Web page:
TMS Implementation: 7 Steps to Success

It can be tough when you know the benefit of an action, but the thought of starting it is overwhelming. That’s a common occurrence when considering implementing a Transport Management System (TMS).

A TMS offers many benefits — and implementation isn’t difficult if you know what steps to follow. This TMS implementation guide explains the step-by-step process for getting your new TMS up and running.

7 Steps for TMS Implementation

Much of the process for implementing a TMS occurs before installing the software. Any new software deployment requires preparation and strategy, as we’ll explain below.

1. Define Your Strategy

The first step in your TMS implementation is to define your strategy. This process should begin weeks to months before implementation to allow time for gathering input from IT teams, stakeholders, and the people who will use the new TMS every day. 

Some key questions to ask are: 

  • Why do we need a TMS?
  • What pain points will it solve? 
  • Whose input do I need to move forward in this process?

Working on a strategy will help you understand which TMS is right for you.

2. Choose Your TMS

Here are some capabilities to consider when choosing a TMS:

  • Carrier and Broker Management: Features like carrier dispatch, accounting, and fleet management help manage relationships and operations with drivers, carriers, and brokers.
  • Shipper Operations Enhancement: For shippers, capabilities such as route optimization, dock and yard management, and freight audit and payment systems are vital. These features ensure efficient inbound and outbound freight management, optimize shipping routes and automate transportation-related financial operations.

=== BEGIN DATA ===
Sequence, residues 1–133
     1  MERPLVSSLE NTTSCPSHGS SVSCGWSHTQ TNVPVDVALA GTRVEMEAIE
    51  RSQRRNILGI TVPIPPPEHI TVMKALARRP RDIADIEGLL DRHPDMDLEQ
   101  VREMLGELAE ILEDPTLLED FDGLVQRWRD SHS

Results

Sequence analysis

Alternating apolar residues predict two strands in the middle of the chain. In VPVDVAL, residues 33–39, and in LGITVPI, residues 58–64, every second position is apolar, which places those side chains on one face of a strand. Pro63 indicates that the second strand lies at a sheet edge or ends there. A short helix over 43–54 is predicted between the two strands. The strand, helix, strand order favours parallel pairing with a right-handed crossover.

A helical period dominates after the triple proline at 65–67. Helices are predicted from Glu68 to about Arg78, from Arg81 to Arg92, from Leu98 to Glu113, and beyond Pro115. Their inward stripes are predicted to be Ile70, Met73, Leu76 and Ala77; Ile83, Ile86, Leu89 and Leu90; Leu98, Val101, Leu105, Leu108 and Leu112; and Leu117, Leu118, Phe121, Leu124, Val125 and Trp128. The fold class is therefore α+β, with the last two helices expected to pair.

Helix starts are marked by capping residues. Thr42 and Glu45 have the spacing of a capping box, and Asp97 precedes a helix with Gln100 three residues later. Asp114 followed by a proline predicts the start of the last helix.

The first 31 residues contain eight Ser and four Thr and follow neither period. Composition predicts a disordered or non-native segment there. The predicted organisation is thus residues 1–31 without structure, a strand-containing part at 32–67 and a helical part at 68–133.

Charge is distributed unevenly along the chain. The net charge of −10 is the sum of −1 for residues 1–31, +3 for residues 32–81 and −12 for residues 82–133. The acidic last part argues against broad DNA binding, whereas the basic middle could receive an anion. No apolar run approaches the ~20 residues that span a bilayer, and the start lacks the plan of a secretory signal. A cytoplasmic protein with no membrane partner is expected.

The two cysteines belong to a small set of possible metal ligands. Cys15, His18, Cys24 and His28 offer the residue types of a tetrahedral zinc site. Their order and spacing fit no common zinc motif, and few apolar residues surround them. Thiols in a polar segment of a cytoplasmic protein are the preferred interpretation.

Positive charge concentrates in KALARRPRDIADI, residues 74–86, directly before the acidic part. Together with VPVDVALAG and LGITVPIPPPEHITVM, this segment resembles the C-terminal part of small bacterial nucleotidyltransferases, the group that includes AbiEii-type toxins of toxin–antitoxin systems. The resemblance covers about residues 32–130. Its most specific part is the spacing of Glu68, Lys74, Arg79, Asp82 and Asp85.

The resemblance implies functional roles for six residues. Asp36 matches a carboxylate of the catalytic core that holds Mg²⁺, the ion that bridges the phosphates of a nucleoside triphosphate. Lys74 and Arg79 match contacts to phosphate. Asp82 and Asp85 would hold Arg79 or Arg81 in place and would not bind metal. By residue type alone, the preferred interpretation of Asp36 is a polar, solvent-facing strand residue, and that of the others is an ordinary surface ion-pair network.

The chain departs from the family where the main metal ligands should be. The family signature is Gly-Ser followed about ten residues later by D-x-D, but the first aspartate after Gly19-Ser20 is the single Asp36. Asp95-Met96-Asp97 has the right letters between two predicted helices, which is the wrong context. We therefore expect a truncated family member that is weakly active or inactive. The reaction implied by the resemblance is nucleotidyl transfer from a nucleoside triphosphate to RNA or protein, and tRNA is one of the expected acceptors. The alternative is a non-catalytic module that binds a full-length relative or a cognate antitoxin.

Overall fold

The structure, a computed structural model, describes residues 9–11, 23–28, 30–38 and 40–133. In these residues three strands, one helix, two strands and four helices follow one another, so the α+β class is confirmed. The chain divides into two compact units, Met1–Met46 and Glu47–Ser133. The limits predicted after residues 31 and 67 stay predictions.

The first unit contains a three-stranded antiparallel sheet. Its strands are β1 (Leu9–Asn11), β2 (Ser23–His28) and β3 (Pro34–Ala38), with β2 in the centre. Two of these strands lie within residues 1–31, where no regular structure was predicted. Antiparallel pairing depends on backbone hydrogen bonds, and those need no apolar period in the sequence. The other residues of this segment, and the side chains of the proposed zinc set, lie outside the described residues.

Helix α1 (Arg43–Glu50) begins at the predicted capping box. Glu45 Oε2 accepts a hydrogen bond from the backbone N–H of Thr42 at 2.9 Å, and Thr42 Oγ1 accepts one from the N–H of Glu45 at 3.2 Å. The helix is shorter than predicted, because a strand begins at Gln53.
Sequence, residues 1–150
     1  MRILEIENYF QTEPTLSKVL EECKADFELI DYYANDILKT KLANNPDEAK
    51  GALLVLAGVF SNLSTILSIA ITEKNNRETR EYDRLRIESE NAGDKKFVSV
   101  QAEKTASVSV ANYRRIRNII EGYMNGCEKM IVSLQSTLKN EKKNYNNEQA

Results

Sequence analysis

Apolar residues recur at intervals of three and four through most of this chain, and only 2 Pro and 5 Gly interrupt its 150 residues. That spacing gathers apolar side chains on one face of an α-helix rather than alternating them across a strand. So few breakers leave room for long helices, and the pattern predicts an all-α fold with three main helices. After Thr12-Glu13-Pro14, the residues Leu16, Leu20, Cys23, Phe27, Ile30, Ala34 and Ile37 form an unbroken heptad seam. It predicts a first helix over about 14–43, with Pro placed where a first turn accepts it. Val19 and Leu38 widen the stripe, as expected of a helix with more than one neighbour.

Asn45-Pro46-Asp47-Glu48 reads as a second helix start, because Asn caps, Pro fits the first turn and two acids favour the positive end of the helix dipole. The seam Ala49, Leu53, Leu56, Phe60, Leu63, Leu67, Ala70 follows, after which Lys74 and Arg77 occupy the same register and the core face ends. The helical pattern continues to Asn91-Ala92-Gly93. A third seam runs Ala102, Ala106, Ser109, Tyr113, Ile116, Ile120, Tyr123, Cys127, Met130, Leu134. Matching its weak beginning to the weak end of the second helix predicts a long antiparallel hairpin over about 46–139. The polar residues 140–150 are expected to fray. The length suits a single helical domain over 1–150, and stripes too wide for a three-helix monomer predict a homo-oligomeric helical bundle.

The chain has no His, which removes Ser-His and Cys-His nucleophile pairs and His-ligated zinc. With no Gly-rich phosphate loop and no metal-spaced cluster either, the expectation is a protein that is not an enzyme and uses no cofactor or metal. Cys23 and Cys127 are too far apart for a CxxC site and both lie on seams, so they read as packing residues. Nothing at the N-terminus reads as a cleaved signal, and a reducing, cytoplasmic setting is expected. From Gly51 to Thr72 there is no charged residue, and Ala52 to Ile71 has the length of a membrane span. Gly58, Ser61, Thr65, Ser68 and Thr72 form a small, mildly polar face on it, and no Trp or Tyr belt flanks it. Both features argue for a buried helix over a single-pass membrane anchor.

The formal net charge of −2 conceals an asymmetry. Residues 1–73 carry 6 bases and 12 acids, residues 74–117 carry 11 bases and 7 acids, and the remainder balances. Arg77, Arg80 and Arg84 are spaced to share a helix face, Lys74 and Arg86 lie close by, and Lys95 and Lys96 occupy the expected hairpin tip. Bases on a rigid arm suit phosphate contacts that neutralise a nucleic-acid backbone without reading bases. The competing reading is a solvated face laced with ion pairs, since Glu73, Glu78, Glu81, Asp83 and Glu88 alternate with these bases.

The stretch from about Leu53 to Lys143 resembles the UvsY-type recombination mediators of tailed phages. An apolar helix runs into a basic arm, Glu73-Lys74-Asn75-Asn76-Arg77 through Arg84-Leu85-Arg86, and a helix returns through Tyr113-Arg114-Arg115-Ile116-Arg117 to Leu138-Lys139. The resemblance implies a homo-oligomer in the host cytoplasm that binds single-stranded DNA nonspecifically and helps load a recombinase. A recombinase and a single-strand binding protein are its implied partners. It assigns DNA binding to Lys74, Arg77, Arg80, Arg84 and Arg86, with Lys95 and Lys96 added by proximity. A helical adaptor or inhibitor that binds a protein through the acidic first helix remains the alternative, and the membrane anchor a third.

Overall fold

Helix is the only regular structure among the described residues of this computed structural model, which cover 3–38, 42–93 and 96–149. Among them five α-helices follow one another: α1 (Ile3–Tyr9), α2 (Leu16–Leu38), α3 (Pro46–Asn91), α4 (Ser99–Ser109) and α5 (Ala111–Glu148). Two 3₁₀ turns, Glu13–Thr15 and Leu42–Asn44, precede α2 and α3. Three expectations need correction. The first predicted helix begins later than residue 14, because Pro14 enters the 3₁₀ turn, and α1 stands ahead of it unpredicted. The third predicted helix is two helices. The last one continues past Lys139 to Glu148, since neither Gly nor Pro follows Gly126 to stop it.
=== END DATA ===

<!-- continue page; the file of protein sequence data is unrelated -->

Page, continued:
• Reporting and Analytics: Access to reporting tools and analytics is essential for monitoring performance. It also helps with making data-driven decisions to improve efficiency and reduce costs.
  • Integration and Mobility: A TMS should seamlessly integrate into the existing technology stack, including ELDs, Onboarding, Fuel Cards, and EDI systems. It should also provide mobile solutions for on-the-go management and real-time updates.
  • Cloud-Based Platform: Opt for a cloud-based TMS for rapid implementation, swift updates, and enhanced security. A cloud-based system also offers the flexibility to scale as the business grows.

The main benefits of using a TMS include:

  • Streamlined transportation processes
  • Time and cost savings
  • Automation of routine tasks
  • Optimization of routes
  • Real-time visibility into transportation operations

When choosing a TMS, one key consideration is ensuring its features align with your business needs. You also want to consider how it will integrate with your current technology, which you can do by requesting a demo and asking relevant questions.

3. Create an Action Plan

You should create an action plan to ensure your TMS implementation goes smoothly. Begin by choosing a project manager to lead the TMS implementation. This person will run the project, organize tasks to fit the plan, and delegate responsibilities as needed. You could also create a committee of people from key departments to brainstorm about any challenges that might arise.